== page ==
Monday, July 05, 2004

No, He Wasn't Crazy

Today I gave an introductory lecture on Berkeley, focusing on his theory of vision in New Theory of Vision and Alciphron and the reflections on tar-water in Siris. They're a bit heavy for a first introduction, but I like to start with them because, if you can see what Berkeley is doing there, you can see far more easily what he is doing in his better-known works. It's exhausting, but on the plus side I get to teach the jolly prelate's poem, On Tar, which I always enjoy doing. My thoughts on the poem:

Hail vulgar juice of never-fading pine!
Cheap as thou art, thy virtues are divine.
To shew them and explain (such is thy store)
There needs much modern and much ancient lore.

Here the poem opens by noting the occasion: the phenomenon of tar-water's apparent healing virtues, and, more generally, its hidden complexity. This will be a theme throughout the poem: there is more to tar than meets the eye, and if you inquire into this apparently lowly substance in the right way, you will find yourself drawn into much greater things.

While with slow pains we search the healing spell,
Those sparks of life, that in thy balsam dwell,
From lowest earth by gentle steps we rise
Through air, fire, æther to the highest skies.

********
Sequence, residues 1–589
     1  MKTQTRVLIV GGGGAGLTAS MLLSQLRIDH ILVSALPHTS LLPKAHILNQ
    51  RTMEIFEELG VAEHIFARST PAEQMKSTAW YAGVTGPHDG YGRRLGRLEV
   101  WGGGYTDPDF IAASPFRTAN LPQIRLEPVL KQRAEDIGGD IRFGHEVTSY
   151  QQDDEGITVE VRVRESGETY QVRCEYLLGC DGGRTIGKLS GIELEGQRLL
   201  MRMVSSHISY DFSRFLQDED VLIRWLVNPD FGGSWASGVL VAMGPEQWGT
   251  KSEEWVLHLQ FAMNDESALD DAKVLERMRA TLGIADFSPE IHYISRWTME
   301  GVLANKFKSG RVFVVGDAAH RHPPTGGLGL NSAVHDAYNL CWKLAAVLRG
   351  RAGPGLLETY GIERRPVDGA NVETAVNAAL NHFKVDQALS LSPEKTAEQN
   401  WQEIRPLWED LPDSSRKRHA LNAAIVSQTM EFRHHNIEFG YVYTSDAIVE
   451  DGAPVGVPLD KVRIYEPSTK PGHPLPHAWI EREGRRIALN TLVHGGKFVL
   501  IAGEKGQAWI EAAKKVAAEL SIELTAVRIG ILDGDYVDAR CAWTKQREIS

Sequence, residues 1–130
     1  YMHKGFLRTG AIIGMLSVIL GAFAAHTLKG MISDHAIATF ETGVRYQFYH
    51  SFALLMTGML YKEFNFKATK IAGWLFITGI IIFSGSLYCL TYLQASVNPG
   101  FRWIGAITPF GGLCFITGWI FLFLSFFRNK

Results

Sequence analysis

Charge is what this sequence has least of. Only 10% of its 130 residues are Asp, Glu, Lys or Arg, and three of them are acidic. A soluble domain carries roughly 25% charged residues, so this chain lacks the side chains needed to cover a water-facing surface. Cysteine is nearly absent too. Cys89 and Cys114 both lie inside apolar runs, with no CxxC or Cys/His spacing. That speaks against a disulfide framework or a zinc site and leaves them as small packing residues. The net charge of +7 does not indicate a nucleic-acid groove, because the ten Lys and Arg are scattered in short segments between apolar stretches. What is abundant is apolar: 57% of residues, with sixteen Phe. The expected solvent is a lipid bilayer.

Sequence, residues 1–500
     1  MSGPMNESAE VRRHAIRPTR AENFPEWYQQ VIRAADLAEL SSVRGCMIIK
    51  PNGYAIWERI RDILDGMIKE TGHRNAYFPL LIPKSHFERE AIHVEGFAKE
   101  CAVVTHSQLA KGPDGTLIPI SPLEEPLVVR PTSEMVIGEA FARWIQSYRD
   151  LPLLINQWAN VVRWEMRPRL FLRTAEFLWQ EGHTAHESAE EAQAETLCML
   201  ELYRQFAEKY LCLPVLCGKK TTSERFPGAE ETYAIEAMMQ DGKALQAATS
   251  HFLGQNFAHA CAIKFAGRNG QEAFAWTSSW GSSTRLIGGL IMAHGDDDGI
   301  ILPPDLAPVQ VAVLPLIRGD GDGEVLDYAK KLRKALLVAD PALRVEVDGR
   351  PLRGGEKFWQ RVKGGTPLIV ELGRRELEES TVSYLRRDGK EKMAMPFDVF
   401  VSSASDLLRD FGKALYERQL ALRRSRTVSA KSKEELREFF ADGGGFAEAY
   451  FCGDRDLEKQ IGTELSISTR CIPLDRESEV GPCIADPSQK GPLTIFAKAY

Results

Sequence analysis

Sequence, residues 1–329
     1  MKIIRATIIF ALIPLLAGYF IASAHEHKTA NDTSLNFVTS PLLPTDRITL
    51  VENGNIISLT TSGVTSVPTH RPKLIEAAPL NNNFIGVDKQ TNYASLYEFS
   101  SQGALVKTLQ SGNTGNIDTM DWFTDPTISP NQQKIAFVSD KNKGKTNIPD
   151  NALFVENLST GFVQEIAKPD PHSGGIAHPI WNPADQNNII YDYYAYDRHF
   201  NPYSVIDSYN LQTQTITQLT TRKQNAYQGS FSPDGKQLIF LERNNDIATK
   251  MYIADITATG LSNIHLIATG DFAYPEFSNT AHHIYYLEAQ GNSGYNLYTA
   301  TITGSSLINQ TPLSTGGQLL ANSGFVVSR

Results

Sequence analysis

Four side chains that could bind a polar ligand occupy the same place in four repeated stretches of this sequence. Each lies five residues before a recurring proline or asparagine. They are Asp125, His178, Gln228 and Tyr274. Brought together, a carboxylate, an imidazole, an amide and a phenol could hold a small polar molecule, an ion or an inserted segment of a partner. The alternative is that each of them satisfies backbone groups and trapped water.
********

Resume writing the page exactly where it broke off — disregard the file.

Things gross and low present truth's sacred clue.
Sense, fancy, reason, intellect pursue
Her winding mazes, and by Nature's laws
From plain effects trace out the mystic cause,
And principles explore, though wrapt in shades,
That spring of life which the great world pervades,
The spirit that moves, the Intellect that guides,
Th' eternal One that o'er the Whole presides.

Note that we investigate the healing properties of tar "with slow pains." This emphasis on the difficulty of the investigation carries over from the first part of the poem, and continues until the end. By "sparks of life" Berkeley means pure invisible fire (=light=aether), which he hypothesizes to be the source of tar-water's efficacy as a medicine. He then opens the ascent them that continues through the rest of the poem. From lowest earth (tar) we proceed to air (from which plants distill their sap, which becomes tar), to fire or light (which is what they draw from the air), to aether (which is fire or light in its purest form, pervading the universe and guiding the motions of everything else), to "the highest skies," i.e. Heavenly providence. "Clue" can mean either 'clue' or 'thread'; it does double-duty here. The link between threads (the original meaning of the word) and what we call clues can be seen in the story of Ariadne, to which the poem alludes. The world is a maze, but by seeking the true explanation of the phenomenon, we can follow a thread that leads out of the maze, or, in other words, by discerning Nature's laws we can move from the phenomena or "plain effects" to the true causes of the effect, and, in particular, to God. Notice that there are actually two ascents here. There is an ascent from effects to causes in things (tar, air, fire, aether, God), and there is an ascent in the type of inquiry (the data of the senses, the patterns of sensory data, the rational investigation of what underlies those patters, the intellectual understanding of the phenomena in relation to its true causes). "Fancy" is another word for imagination, and means (roughly) sub-rational sensory processing.